But before we file away the memory and move on to the next storm or cyber incident, check out this Irene-related online exchange between a residential customer and a utility executive doing his best to keep his customers as informed as possible:
Q: Why am I getting calls to see if my power has been restored when in fact it has not been? I have a 4 year old and 1 year old and you can imagine what it is like being without power.
A: One of the reasons we perform call backs is because crews have made repairs in the neighborhood and surrounding areas, and we want to ensure that each house has been restored. Without requesting a call back when you report an outage, we wouldn't know the service to your house is still out. Please make sure to report all outages to 1-877-xxx-yyyy.Sounds like a region ripe and ready for its residential Smart Meter deployments, doesn't it? I'd say it's well worth the extra time and effort cyber professionals need to develop a secure Smart Grid to relegate conversations like this to history.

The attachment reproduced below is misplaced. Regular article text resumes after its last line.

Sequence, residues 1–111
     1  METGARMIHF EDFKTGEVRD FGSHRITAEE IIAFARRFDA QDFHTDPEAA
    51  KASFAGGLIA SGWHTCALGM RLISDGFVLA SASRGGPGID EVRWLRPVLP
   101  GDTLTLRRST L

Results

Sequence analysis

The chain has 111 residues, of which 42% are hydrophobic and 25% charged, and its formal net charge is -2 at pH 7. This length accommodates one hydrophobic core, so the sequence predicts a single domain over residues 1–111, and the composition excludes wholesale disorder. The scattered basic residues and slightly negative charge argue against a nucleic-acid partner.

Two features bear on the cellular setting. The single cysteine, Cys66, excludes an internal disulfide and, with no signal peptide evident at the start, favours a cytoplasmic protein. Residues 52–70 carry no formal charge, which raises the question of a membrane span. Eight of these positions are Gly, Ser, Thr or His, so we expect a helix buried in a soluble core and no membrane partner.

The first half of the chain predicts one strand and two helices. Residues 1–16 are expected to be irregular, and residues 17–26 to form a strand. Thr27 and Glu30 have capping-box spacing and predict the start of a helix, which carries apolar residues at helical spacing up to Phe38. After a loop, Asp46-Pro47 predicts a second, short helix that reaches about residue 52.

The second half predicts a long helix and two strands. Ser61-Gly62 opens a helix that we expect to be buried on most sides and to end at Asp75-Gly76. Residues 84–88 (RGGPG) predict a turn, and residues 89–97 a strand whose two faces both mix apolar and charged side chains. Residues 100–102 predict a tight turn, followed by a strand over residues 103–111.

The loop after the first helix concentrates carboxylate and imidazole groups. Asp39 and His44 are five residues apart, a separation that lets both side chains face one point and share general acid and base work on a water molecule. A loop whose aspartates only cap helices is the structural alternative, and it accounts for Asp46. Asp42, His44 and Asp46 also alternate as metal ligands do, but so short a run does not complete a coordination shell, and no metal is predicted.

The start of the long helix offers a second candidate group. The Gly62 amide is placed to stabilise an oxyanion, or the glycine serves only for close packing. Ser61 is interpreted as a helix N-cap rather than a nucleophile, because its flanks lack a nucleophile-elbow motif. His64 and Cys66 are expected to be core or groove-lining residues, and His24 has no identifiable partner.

And the image of the totally chewed up poles (from Nag's Head, North Carolina) really caught my eye. Aren't the poles supposed to be holding up the lines ... and not the other way around? As immigrants to the electric sector quickly learn: cyber risks are one thing; Mother Nature is something else entirely.
Photo credit: Nicholas Kamm of AFP